Smart Museums: Where does Museum Data Fit in a Smart City Data Ecology?


Friday, April 03, 2020: 11:00am - 12:20pm -

Natalia Grincheva, Digital Studio, Research Unit in Public Cultures, Australia

The shift in urban policies from creative to smart city requires the development of new tools and expertise to properly manage big data generated by key cultural institutions in the urban context. Museums operate and produce large amount of data that capture their activities locally and globally, on site and online. Museum collections spread across physical and virtual realities and accumulate vast digital records, complementing wider open source and open data initiatives. Moreover, online and onsite visitors generate complex geo-spatial data that transcend geographic boundaries of museums as single-location entities. Finally, museums with their social agenda to engage wider and more diverse communities have recently embraced digital technologies. Technologies help museums to facilitate a more productive user-centric interaction within and beyond physical museums environments.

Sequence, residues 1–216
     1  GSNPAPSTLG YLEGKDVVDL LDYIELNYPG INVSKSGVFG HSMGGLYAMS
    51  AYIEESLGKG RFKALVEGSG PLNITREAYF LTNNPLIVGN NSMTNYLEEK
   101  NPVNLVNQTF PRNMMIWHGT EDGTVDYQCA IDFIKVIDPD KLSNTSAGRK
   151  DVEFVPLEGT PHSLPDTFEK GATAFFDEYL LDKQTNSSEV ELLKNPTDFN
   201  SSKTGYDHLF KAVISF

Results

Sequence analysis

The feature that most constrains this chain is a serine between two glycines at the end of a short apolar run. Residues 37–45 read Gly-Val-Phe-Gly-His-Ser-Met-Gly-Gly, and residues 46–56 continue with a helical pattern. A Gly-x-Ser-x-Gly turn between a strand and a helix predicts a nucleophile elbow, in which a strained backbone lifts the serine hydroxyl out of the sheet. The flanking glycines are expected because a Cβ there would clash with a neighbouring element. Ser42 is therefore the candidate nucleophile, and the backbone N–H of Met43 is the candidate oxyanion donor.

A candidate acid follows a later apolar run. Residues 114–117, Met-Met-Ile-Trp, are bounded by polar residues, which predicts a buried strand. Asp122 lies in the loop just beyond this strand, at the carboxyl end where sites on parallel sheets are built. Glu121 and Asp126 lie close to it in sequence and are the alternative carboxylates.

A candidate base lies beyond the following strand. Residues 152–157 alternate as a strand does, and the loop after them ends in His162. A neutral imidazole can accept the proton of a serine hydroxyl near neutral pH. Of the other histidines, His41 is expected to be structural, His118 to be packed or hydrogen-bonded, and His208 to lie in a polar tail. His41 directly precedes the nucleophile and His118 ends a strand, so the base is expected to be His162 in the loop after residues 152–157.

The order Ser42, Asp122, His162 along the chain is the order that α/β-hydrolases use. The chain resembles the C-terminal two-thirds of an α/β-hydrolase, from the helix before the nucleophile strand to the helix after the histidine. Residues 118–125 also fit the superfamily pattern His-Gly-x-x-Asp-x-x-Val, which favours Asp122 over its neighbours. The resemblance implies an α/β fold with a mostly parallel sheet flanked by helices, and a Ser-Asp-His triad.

A museum agency is no longer a traditional space of heritage preservation, but a virtual and urban territory which defines a new concept of smart heritage. Big data generated by museums could play a significant role in the development of the fabric of smart cities. However, even though arts and culture play one of the most important roles in liveability and economic vitality of contemporary cities, they are not systematically exploited and formally incorporated in smart city initiatives. While the smart city stresses the efficiency of data management for more proactive strategic urban development, data generated by museums is not meaningfully integrated into strategic smart city planning and implementation. Furthermore, smart city initiatives are currently lacking effective evaluation tools and little research has been done to measure specific meaningful outcomes of embedded smart city technologies. My presentation identifies and analyzes different sets of museum visitation, collection and programming data to offer a meaningful framework to assess smart cities cultural performance.

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